With less volume trading, bid/ask spreads in the banned names almost tripled. Spreads shot up to an average of 48 basis points during the ban, up from 17 basis points prior. After the ban ended, bid/ask spreads promptly began to fall back toward normal levels, dropping back into the low 30s by the week of Oct. 20, despite that the credit crisis continued. The U.S. normally has the tightest spreads on the planet; we learned that our narrow markets are largely due to the unheralded army of quantitative long/short funds and day traders, quiet heroes who are never recognized for their selfless work.

The dramatically wider bid/ask spreads were evidence of a real decrease in liquidity. Simply put, without the long/shorts, there were fewer bids and offers in every stock. Fewer bids and offers meant that relatively small market orders were able to move stock prices all over the map, which was one of several reasons behind the marked increase in volatility. The VIX volatility index rose from 33 on the night before the ban, to a then all-time high of 57 two weeks after the shorts were sent home. The initial jump in volatility fueled by the ban then caused large losses among the many hedge funds and prop desks that make their living selling out-of-the-money puts and calls, leading to an ugly mix of margin calls and desperate liquidation that continued throughout the month of October, escalating volatility to even higher levels.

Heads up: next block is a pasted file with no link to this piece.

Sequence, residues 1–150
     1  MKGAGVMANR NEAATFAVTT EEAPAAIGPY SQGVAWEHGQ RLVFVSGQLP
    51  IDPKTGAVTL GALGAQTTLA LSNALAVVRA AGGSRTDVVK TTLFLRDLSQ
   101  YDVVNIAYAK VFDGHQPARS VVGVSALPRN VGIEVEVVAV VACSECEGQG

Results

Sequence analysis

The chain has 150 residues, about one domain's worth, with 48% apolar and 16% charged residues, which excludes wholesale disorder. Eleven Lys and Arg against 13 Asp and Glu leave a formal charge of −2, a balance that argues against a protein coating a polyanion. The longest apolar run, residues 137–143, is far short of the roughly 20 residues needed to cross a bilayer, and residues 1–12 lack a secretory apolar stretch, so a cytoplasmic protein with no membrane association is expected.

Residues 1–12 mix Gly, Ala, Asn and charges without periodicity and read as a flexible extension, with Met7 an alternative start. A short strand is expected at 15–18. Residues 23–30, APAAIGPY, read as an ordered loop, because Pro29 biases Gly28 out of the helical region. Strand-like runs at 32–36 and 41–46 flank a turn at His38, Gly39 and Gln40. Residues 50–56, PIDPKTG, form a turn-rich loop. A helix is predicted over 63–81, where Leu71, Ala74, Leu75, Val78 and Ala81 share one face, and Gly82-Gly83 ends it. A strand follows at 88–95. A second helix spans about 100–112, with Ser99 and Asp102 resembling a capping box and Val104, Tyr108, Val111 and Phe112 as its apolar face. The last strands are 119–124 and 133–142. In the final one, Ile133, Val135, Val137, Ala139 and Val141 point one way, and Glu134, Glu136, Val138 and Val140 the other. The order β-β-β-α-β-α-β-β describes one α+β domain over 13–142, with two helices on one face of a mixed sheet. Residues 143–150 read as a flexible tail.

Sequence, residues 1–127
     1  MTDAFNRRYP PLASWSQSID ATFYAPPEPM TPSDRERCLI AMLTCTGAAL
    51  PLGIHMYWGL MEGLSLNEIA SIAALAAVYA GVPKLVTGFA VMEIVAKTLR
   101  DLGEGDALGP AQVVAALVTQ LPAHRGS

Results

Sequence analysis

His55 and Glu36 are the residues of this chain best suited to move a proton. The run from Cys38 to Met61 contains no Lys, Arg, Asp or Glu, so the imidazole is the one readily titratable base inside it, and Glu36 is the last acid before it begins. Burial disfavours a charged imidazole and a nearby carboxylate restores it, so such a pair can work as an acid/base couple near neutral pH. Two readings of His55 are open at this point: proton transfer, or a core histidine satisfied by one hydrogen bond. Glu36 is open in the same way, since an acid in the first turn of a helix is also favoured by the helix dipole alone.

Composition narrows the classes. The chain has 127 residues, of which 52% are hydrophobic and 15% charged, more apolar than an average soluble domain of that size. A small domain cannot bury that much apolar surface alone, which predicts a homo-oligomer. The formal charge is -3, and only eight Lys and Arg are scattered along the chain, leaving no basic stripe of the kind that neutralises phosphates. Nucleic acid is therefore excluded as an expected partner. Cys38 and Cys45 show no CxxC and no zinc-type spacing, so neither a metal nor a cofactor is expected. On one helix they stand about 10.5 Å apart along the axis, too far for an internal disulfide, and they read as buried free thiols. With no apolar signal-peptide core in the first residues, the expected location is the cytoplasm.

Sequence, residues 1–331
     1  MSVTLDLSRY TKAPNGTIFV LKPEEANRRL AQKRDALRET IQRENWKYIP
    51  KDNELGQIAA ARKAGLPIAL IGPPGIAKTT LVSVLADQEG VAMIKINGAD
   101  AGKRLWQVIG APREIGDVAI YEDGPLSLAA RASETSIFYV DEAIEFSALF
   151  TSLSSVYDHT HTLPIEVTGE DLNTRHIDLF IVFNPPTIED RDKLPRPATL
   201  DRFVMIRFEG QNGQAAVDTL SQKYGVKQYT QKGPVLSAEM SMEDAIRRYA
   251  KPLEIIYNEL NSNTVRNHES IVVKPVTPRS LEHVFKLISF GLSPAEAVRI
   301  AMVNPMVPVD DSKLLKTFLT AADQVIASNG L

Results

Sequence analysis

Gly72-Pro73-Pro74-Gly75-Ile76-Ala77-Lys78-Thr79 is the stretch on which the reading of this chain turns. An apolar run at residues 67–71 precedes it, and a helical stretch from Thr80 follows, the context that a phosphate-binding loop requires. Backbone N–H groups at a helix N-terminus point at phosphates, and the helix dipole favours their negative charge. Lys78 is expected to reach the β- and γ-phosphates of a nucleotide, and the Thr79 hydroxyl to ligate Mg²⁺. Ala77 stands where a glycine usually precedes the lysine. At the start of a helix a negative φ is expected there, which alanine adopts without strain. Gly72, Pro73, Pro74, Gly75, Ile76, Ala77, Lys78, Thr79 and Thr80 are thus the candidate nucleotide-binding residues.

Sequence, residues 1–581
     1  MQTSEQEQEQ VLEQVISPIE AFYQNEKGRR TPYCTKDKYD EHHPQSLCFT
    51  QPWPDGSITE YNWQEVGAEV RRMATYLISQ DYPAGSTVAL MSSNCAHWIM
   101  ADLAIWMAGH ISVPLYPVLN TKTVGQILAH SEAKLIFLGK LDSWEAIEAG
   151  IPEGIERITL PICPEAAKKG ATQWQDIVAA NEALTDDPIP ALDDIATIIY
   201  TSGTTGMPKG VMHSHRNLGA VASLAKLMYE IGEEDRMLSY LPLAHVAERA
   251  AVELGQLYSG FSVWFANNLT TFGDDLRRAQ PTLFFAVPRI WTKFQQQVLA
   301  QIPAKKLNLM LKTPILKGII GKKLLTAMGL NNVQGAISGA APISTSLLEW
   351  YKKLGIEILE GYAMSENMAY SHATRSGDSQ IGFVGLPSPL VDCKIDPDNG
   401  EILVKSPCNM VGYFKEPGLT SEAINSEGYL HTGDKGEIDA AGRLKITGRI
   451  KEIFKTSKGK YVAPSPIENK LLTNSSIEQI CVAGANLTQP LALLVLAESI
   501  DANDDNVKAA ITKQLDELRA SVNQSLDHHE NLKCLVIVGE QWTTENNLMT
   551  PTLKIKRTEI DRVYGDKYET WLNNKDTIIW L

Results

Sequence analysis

Perhaps these unpleasant side effects of the short ban would have been worth it, had the medicine worked, saving the market from plummeting and helping to nip the credit crisis in the bud. But the patient continued getting worse in spite of the aggressive therapy. The financial stocks dropped 10 out of the next 14 days, falling a whopping 22 percent during the ban, driven down entirely by long sellers. As financials continued to crash, it was revealed to the world that the evil short sellers had been a false culprit.

One of the hallmarks of conspiracy theories is that people continue to believe in them despite overwhelming evidence to the contrary. The myth that short selling is destabilizing and manipulative is so ingrained that, despite the evidence and studies, we will almost certainly see the reinstatement of some variant of the old uptick rule. A new uptick rule would be a tragedy: The previously discredited rule was killed off after a three-year pilot program and several years of academic studies revealed it to be an impediment to liquidity that offered no downside protection.

The old uptick rule and the new short-sale ban both demonstrated the common sense proposition that restricting the market from freely trading removes liquidity. Removing liquidity leads to higher bid/ask spreads and higher volatility, and is not consistent with the goal of creating fair and orderly markets.

But unfortunately for us all, it seems there’s no way to put a good conspiracy theory to bed. So get ready for some new restrictions on short selling. They will be found behind the grassy knoll, next to the UFO gathering dust in Roswell.

Dan Mathisson, a Managing Director and the head of Advanced Execution Services (AES) at Credit Suisse, is a contributing writer to Traders Magazine. The opinions expressed in this column are his own, and do not necessarily represent the opinions of the Credit Suisse Group.